The wedge? 

Senator Watt claims that the amendments are only about 21 individuals, but several amending clauses make clear that their effects extend beyond the 21. 

The Act as amended won’t affect refugees currently in the community as it only applies to refugees whose visas are cancelled. But the government has broad powers to cancel visas. 

In support of the amendments, Watt repeats the Coalition government’s smear campaign against the 21 people, saying they have spent time in jail, and “we don’t want this cohort of potentially dangerous individuals released into the Australian community”. On that “logic”, would Senator Watt say, in relation to any and all Australian citizens who’ve served time, “we don’t want this cohort of potentially dangerous individuals released into the Australian community”? 

It is an accepted element of the criminal justice system that, if “you do the crime, you do the time”, and then you’re free. Yet the Migration Act allows the government to punish asylum-seekers or refugees by holding people in immigration detention after they have served the time sentenced by a court. It is extra-judicial punishment. 

Ged Kearney says: “… the only option presently available to the Government to avoid refoulement would be to grant these persons a visa and allow them to stay in Australia, even though they fail the character test or have adverse security assessments. So, the Morrison Government presented us with a classic wedge Bill.” 

But there is only a “wedge” because Labor won’t stand up to Coalition smears. In fact it accepts and repeats them. 

The character test is a farce. Any person who is convicted of any offence – no matter how trivial – while they are in immigration detention automatically fails the character test. The refugees who dug an escape tunnel at Yongah Hill detention centre in WA now face indefinite detention if they are found guilty of “property damage”.   

ASIO assessments are also a farce, conducted in secret without appeal rights. Around 60 Tamils who, years ago, were given adverse ASIO assessments, have had them slowly overturned as a result of a campaign to free them and have now been released into the community.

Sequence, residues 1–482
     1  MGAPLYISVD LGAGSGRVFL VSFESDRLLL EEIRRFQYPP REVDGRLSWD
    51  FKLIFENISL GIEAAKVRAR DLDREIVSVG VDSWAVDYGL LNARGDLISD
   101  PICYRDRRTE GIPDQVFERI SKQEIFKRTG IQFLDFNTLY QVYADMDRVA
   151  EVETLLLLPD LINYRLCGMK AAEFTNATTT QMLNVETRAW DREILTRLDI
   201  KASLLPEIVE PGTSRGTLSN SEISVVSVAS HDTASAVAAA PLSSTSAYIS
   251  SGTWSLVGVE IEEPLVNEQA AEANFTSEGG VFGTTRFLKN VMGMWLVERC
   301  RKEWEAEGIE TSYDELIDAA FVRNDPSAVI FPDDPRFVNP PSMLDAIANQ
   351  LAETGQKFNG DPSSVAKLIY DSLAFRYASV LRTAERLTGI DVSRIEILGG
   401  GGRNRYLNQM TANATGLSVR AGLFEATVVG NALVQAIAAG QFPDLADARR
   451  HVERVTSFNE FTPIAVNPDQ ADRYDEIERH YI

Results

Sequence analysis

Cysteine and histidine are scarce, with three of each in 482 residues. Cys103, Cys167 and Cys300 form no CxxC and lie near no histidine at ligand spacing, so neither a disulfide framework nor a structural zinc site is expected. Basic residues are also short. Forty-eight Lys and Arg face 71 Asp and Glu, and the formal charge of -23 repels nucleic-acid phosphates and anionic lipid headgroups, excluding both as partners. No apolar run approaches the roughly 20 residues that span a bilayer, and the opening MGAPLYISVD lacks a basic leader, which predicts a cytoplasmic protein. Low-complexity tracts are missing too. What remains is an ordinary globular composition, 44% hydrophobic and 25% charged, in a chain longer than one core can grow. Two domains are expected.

Didn’t have the numbers? 

Kearney makes an additional claim that it was better for Labor to amend the Bill than just vote No because the government had the numbers and it was going to pass anyway. 

But Labor’s changes are minor; one to review the legislation in two years’ time and another that provides that any ministerial decision to overturn a refugee determination can be appealed. These small changes cannot hide Labor’s latest failure to defend refugee rights.  

By voting No, Labor would have built political opposition to the Bill, and perhaps created enough political fuss to shift some crossbench votes, holding out the prospect of a Liberal defeat. 

By voting No, they would have created a clear line of demarcation between Labor and the Coalition and sided with the refugee movement that was unanimous in its opposition to the amendments. 

Even by their own electoral logic, Labor’s betrayals simply dismay their own supporters and give the impression that Labor doesn’t stand clearly for anything.  

Rescind the Migration Act Amendments and free the refugees 

ALJ20 was the first decision since the Al-Kateb case (when the High Court backed indefinite detention for “administrative” purposes in 2004) that had provided some hope that the courts had finally found there were limits to detention. 

The new Migration Amendment (Clarifying International Obligations for Removal) Act 2021 crushes that hope. Indefinite detention is now etched into the Migration Act. Fighting to rescind these amendments will be important for the refugee movement. 

The amendments won’t impact directly on the legal cases of the Medevac refugees who are still in detention. But they show that we can’t rely on parliament or the courts to provide justice for refugees. That places even more importance on continuing to build protests and the wider refugee movement in order to free the refugees.